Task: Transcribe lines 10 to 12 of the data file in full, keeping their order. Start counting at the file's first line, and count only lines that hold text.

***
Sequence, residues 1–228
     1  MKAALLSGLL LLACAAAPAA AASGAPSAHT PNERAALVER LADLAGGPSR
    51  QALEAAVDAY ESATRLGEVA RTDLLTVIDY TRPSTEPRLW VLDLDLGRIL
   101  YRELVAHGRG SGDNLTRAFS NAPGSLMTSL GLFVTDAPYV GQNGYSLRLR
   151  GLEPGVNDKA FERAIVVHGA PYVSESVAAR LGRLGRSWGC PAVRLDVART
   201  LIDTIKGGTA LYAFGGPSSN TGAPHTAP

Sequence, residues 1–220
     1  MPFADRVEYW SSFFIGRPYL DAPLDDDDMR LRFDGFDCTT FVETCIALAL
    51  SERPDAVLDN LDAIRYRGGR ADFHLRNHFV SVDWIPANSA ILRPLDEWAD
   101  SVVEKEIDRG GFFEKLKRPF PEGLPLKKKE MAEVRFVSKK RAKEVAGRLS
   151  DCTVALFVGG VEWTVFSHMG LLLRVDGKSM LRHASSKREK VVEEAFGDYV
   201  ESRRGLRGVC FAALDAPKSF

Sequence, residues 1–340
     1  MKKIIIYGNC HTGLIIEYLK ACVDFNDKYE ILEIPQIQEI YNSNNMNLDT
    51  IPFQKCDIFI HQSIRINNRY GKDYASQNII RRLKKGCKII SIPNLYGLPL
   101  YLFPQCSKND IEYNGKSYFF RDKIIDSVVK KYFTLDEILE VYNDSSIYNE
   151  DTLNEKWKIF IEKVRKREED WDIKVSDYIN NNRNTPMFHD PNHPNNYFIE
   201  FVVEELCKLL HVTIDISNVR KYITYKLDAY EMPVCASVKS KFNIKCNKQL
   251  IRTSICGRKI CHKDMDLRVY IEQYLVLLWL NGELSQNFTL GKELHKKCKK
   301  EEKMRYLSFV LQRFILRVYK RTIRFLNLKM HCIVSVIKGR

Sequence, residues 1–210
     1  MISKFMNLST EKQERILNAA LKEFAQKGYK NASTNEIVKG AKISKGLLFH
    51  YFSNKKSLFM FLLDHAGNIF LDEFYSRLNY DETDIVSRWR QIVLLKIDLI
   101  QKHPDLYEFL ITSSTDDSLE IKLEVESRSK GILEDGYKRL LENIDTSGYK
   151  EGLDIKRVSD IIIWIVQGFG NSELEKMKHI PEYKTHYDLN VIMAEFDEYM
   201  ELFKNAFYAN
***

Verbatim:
   101  SVVEKEIDRG GFFEKLKRPF PEGLPLKKKE MAEVRFVSKK RAKEVAGRLS
   151  DCTVALFVGG VEWTVFSHMG LLLRVDGKSM LRHASSKREK VVEEAFGDYV
   201  ESRRGLRGVC FAALDAPKSF